7. Repeat for your family members who count on you to help them with their legal matters such as your spouse, parents or children.  If you’re responsible for helping an elderly aunt, for example, you need a copy of the power of attorney for financial matters and for health care decision-making. Otherwise, your ability to help could be limited or prevented.
  8. Consider sharing the link to your documents with your financial team (including lawyer, CPA, financial planner, insurance consultant and trust officer).
  9. Share your living will with your primary care physician and have the “tough” discussion with your health care Power of Attorney.
  10. Finally, READ all your documents to determine if they still meet your wishes.  If not, or if you’re worried that they’re too old, contact your lawyer to work on new ones, along with the ones that are missing and relevant to you. If you find your attorney that prepared your documents all those years ago has retired, let us know and we can provide you with a list of local attorneys we work with.

Document List

Note: The required legal documents will vary by state. Check with your attorney to make sure you have all the ones needed where you live.

  • Beneficiary designation forms for every retirement account, insurance policy, annuity, etc.
  • Will
  • Revocable trusts
  • Power of attorney (for financial matters)
  • Irrevocable trusts
  • Health care proxy
  • Living will
  • HIPAA release (Health Insurance Portability and Accountability Act)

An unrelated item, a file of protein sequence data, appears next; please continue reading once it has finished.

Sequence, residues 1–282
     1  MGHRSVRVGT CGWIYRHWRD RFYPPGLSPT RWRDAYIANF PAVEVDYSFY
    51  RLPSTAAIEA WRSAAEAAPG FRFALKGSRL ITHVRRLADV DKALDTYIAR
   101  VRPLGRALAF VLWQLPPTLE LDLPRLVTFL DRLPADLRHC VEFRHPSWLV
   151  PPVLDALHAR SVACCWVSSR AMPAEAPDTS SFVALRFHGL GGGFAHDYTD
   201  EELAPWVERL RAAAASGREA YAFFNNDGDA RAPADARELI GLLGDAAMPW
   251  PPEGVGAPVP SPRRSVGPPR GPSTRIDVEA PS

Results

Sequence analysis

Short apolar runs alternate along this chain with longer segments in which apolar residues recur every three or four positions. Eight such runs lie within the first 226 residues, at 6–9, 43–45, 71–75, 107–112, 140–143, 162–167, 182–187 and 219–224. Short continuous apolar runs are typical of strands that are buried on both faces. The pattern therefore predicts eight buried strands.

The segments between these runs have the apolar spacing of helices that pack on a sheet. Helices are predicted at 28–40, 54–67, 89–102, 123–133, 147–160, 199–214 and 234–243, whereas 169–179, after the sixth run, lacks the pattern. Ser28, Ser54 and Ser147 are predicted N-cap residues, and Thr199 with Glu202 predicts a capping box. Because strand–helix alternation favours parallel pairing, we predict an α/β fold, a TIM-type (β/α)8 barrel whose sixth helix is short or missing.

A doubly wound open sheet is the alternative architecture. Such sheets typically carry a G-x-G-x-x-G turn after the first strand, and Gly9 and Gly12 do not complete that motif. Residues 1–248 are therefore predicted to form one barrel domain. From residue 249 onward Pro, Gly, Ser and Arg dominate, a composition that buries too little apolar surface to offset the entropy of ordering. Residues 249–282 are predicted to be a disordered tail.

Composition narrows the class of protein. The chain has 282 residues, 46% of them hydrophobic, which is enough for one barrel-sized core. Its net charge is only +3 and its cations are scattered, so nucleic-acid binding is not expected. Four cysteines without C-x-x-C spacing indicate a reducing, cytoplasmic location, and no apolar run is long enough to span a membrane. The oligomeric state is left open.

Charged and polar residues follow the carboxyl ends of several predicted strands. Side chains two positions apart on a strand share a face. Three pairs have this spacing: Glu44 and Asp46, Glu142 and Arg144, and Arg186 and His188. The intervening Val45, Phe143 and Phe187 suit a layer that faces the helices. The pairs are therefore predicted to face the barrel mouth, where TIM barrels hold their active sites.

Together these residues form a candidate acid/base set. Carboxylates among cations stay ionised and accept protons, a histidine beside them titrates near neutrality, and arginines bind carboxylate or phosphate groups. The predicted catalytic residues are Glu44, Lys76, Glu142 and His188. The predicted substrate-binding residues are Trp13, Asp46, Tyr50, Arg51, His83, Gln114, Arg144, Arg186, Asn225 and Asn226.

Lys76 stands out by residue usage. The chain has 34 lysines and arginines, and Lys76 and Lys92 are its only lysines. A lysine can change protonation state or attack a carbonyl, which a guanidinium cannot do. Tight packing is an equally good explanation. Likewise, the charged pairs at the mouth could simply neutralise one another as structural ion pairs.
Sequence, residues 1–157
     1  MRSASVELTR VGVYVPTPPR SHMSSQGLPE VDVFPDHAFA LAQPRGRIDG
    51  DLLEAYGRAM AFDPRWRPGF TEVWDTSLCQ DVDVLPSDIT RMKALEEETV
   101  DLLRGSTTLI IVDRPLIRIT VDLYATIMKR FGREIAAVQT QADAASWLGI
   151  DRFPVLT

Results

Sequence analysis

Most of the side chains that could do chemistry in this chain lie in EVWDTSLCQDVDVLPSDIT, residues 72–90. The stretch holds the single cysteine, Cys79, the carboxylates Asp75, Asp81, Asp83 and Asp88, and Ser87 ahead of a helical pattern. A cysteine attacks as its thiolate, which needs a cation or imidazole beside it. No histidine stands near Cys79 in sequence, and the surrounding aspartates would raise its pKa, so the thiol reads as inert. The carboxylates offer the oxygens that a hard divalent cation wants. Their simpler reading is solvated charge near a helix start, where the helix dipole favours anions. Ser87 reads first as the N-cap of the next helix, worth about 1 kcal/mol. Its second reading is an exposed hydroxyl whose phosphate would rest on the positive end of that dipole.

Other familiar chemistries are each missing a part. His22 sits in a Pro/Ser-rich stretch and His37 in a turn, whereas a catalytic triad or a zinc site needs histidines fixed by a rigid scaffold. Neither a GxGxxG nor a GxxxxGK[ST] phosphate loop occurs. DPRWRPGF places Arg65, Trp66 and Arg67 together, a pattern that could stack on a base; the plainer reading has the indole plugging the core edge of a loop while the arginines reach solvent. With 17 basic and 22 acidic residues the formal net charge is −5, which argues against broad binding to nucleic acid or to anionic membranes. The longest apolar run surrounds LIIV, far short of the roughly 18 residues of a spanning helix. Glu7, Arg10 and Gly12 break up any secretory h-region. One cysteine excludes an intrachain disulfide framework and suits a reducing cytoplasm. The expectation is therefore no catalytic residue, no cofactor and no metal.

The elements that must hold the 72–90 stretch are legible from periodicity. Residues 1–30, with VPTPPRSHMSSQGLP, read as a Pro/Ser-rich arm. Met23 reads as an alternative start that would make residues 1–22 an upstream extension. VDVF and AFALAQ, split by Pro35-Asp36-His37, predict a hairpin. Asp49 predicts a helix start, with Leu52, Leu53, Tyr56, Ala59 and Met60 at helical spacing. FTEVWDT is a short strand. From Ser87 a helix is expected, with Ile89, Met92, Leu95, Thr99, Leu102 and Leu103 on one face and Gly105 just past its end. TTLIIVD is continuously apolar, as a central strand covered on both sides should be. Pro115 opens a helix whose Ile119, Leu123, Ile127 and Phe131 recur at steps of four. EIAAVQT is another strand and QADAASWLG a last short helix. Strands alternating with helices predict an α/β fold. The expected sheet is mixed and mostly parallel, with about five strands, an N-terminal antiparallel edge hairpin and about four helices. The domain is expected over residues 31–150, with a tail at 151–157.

• DNR (Do Not Resuscitate)
  • POLST (Physician Orders for Life Sustaining Treatment) 
  • Deed for each property owned
  • Governing documents for any business entity: partnership agreements, shareholder agreements, operating agreements and buy/sell agreements.
  • Life insurance policies and beneficiary designation confirmed by company
  • Disability insurance policies
  • Long term-care insurance policies
  • Beneficiary designation confirmed by retirement sponsor

If the project takes more time than anticipated, just proceed ahead at whatever pace works for you. As you proceed with this project, you should periodically update the legal document master list, if appropriate.

Our shoutout to you is, “Don’t give up! Your heirs and executor will thank you.”

But it’s really even more, when age or health issues make it harder for you to handle your own financial and legal affairs, you will be grateful for having undertaken this effort.

Stay safe and call, text, or email us with any questions or concerns.

The Nalls Sherbakoff Group, LLC

DISCLOSURES: The information provided in this letter is for general informational purposes only and should not be considered an individualized recommendation of any particular security, strategy or investment product, and should not be construed as investment, legal, or tax advice. The Nalls Sherbakoff Group, LLC makes no warranties with regard to the information or results obtained by third parties and its use and disclaim any liability arising out of, or reliance on the information. These indexes reflect investments for a limited period of time and do not reflect performance in different economic or market cycles and are not intended to reflect the actual outcomes of any client of The Nalls Sherbakoff Group, LLC. Past performance does not guarantee future results.